Sunday, June 7, 2015

Bacteria Form Communities Too

Moral issues among the tiniest life forms.

Sometimes it takes a village, even for bacteria. Famous for being mindless, pitiless, evolutionarily-honed automatons, it turns out that bacteria have need of community and have ways to detect and signal that a community is ready for action. Not only that, they have ways to punish cheaters who do not pull their weight for the collective, tiny as it might be.

A recent computational biology paper developed game theory models based on bacterial dynamics to explore what signals are needed for group cooperation and how they evolve. Suppose that some bacteria face a food source (say a piece of wood) that requires acidic pH to digest. One bacterium isn't going to make much headway by itself. But if a thousand gather and crank out some protons in unison, they could make themselves a feast. Then what if one of them decides to loaf around, eating its fill but not producing any acid to help digestion?

This presents a series of problems. First, each bacterium needs to be able to tell whether there are enough colleagues about to make a collective / individual effort worthwhile. Second, it needs to know whether such a decision is shared by the others, so that they act in unison. And third, of course, they need to devise some way to punish or mitigate cheating and loafing.

Incidentally, these authors refer routinely to a personified "Nature", as in "We shall assume that Nature may choose between two different states ...". This is somewhat off-putting, and doubtless a consequence of being computationally oriented, making them wish to make it clear when they are speaking of natural cases, versus in silico, modelled cases. This should, however, not create any presumption of a theology of some shadowy entity behind the curtain or pan-consciousness, etc.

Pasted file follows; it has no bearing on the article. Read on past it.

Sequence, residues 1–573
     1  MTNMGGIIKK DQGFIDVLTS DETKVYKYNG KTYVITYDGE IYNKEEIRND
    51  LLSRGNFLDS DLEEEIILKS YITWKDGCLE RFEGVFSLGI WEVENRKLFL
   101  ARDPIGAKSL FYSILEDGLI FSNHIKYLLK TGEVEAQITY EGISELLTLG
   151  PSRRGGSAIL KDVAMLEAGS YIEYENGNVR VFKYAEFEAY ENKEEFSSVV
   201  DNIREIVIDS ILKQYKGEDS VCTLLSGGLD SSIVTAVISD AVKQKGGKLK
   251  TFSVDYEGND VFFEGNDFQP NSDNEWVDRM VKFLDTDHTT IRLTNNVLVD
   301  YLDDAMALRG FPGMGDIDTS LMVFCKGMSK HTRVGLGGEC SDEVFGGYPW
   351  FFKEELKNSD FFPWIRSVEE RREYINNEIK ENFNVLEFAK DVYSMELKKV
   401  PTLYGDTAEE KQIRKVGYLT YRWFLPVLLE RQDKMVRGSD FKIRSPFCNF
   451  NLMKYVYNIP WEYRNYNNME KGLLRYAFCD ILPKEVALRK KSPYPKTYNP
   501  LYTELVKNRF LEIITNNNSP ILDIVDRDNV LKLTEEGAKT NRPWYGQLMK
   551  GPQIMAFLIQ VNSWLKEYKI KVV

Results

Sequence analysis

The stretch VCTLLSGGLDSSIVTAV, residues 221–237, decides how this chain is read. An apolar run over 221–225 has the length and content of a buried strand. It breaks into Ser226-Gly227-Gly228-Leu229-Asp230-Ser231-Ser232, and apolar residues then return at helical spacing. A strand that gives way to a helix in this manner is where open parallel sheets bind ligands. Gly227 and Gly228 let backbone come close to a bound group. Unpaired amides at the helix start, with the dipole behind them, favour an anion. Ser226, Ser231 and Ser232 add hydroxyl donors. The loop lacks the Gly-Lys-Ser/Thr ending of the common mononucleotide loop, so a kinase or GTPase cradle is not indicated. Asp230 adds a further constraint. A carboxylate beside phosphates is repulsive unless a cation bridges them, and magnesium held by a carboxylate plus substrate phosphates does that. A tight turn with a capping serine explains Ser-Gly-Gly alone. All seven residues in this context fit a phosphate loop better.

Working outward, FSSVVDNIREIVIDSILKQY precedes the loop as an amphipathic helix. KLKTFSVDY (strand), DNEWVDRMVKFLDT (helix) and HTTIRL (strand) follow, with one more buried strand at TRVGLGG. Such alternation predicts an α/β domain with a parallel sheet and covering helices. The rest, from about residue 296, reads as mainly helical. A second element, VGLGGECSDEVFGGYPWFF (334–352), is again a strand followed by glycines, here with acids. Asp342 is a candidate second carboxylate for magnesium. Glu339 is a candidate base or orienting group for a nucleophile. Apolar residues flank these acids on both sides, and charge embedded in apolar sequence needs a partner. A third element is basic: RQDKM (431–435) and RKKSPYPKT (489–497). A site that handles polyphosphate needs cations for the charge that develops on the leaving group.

The authors simulated basic game theory conditions where individuals either signal or do not signal, with varying costs, and either cooperate or do not, responding or not responding to the majority signal around them. The idea was to vary the costs and benefits, and introduce mutants that employ other strategies, to ask what conditions lead to stable conditions, especially those resembling the world we actually see, where cooperation is, among bacteria, reasonably common.

In fairness, they asked themselves quite limited questions, focussing on whether signalling systems routinely evolve under conditions where cooperation is beneficial. Obviously, the answer to this is going to be yes, under any state where the conditions vary and are not adverse, requiring cooperation, all the time. The strategies they entertained were brutally simple- either signal or don't, and either cooperate or don't. So there was little subtlety.

Bright / beige areas show where most of the simulated populations reside under various conditions, while practicing the cooperative, signalling responsive strategy. The Y axis is cost of signalling. Very high costs (as a proportion of the benefit gained) do inhibit signalling, but this is biologically not very realistic. The various graphs then show: 1. selection pressure for the cooperative benefit, which strongly stablizes cooperation, as well as signaling  2. As the cost of cooperation rises, populations are OK with higher signalling costs, given a relatively high selective constraint for cooperation, (gamma 𝛾 is set at 5). 3. If the rate of bad conditions rises to high levels, it makes no sense to signal that fact, really, and populations cooperate, either without signaling at all (i.e. all the time) or in response to a lack of signal.

One further problem is that the authors have given themselves the simplification that only one mutant form can exist at a time, either invading and taking over the whole population, or dying out before the next mutant strategy comes onto the scene. That means that a shirker strategy of benefitting from the cooperation of others may briefly invade a more cooperative population, but can never realistically take over the population when the benefits of cooperation (i.e. selective pressure for cooperation) are set high.

Thus the main question that we would realistically have about cooperative strategies, which is about the stable rate of shirking in otherwise cooperative populations, and the evolution of counter-strategies of detection and punishment, never come up in this analysis.

Thankfully, there is other work in the field that has established punishment strategies, though not yet any active surveillance and detection strategies, which might be beyond bacteria's cognitive capacity. In one example, the human pathogen Pseudomonal aeruginosa secretes small amount of cyanide, which the cooperators are resistent to, but the cheaters are not.

Small as they are, bacteria face basic dilemmas of survival and group action. They have the glimmerings of moral needs and one can readily see how increased capabilities led to increasingly complex behaviors of evasion, deception, and group control that we express in our moral systems.


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